What Affects Car Insurance Rates?

Car insurance rates vary. Here are a few tips.

Car insurance rates, illus. by Ron Chan, image

Car insurance rates are based on a variety of factors. 

Car insurance policies can have as many moving parts as the vehicles they cover. Here are some key considerations to help you understand how your rates are determined.

  • A sporty car can cost you Got your eye on a new Corvette or Ferrari? Sharp cars with big engines often carry higher rates. Family vehicles, such as SUVs and minivans, tend to cost less to insure because their drivers have fewer collisions and their repairs can be less costly. Forget what you’ve heard about a car’s color; it won’t alter your premium. Feel free to choose red.
  • As in home values, location matters Rates often run higher for residents of urban areas, where collisions and theft are more common. Car owners in rural areas get off easier on that count even though they tend to drive more miles, a practice that might otherwise raise their rates.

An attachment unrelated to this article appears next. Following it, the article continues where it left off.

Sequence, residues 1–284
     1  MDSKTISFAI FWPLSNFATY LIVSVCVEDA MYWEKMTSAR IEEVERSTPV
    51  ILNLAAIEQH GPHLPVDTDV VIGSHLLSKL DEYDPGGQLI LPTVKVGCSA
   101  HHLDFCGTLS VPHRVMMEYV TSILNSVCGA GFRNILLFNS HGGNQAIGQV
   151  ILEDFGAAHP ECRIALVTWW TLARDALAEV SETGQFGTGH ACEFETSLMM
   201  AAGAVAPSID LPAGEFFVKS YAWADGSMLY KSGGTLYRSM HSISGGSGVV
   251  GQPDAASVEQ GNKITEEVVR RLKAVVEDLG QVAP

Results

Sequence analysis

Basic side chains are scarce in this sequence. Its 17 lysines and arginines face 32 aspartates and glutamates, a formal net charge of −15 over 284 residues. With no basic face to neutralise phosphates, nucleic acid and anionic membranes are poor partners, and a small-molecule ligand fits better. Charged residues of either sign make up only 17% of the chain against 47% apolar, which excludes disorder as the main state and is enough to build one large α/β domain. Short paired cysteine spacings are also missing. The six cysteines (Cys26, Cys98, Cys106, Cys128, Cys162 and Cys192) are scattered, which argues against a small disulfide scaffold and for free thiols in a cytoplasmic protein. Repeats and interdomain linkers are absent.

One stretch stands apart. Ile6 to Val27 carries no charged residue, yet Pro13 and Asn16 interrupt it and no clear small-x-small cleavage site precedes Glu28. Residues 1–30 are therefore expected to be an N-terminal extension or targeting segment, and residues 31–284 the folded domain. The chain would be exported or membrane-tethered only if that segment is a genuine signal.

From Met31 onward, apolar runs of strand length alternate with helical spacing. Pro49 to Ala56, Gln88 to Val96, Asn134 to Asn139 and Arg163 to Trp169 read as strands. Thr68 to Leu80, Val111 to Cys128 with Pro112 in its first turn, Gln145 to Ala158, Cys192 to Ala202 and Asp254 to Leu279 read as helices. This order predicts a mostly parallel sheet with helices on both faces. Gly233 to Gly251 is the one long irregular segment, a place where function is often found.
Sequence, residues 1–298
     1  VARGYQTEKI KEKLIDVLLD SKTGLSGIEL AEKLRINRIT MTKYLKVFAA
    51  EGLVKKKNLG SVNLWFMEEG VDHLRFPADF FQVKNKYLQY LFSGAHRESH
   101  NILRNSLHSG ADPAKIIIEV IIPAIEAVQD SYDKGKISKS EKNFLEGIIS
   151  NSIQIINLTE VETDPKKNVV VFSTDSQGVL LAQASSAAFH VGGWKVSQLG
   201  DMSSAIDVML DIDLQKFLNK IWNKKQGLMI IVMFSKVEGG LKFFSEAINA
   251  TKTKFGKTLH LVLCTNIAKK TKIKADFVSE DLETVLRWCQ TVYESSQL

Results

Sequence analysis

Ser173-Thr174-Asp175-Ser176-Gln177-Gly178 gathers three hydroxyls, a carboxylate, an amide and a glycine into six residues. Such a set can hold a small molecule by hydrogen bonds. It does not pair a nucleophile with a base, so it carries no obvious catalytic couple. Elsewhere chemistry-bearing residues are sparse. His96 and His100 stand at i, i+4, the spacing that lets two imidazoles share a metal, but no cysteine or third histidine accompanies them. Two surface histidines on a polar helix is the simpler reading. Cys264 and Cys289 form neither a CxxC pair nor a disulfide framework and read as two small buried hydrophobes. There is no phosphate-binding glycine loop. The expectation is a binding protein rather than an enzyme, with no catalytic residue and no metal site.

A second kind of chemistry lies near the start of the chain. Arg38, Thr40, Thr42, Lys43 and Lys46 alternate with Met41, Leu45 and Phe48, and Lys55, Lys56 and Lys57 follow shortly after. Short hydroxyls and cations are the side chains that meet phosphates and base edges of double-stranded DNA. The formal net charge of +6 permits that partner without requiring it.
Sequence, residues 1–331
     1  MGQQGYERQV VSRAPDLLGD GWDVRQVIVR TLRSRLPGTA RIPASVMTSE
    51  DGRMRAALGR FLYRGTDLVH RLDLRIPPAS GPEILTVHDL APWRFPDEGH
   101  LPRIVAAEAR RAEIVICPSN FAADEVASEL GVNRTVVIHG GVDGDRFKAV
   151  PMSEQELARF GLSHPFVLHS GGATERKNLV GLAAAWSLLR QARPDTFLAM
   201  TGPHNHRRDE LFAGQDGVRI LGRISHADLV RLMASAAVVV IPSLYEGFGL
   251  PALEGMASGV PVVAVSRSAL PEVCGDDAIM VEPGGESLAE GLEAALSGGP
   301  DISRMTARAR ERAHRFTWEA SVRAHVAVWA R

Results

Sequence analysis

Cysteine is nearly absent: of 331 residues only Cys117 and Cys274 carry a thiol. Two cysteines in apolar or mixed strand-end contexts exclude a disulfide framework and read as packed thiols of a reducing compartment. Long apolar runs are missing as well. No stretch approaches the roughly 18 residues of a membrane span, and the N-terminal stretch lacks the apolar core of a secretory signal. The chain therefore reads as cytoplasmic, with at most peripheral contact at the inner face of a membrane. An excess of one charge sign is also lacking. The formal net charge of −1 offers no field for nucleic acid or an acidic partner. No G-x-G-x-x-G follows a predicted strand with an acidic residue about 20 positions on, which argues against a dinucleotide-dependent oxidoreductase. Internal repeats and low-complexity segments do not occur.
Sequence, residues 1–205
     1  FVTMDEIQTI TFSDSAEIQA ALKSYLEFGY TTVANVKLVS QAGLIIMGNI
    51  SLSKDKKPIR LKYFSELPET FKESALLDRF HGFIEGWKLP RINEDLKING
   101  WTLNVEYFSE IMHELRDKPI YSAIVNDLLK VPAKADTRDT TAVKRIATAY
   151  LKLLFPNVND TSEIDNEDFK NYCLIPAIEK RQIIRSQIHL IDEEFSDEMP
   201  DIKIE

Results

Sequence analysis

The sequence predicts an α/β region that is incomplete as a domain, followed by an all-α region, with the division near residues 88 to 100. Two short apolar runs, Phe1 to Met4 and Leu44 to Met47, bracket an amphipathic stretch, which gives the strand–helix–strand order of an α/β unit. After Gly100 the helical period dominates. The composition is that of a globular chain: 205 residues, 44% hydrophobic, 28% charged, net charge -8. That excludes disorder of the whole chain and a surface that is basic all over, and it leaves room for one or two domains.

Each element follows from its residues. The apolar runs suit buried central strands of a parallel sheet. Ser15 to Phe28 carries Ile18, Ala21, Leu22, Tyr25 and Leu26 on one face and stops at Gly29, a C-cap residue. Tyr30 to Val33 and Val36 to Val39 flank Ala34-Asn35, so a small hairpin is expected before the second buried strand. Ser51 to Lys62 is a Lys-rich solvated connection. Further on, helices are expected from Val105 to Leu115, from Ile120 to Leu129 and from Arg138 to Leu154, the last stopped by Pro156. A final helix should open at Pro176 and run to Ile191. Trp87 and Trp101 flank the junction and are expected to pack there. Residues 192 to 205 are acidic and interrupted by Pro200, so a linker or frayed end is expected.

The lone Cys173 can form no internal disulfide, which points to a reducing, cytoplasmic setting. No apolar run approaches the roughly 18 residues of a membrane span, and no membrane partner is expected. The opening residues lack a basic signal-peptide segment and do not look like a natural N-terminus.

• Shiny new car? Pricier coverage As a rule, the newer the car, the more it’s worth and the more it costs to insure. Yet popular older models (the 1994 Honda Accord and 1991 Toyota Camry, to name just two) can have unexpected value when they’re chopped up and sold for parts. Their appeal to thieves can also nudge up your insurance rate.
  • The little things in life make a difference It’s no surprise that drivers with good records tend to pay less. Insurers are eager to cover drivers proven to be careful and considerate—who are a good risk, in other words. What’s less well known is that married people often pay lower insurance rates as well.
  • Youngsters and oldsters don’t always pay more Seniors and drivers ages 16 to 25 tend to run higher rates, but both groups can earn discounts. AAA offers discounts of up to 20 percent to teen drivers who complete the TeenSmart program and up to 5 percent to seniors who complete a mature driver safety course. Find details at AAA.com/safety.

Illustration by Ron Chan

This article was first published in September 2013. Some facts may have aged gracelessly. Please call ahead to verify information.

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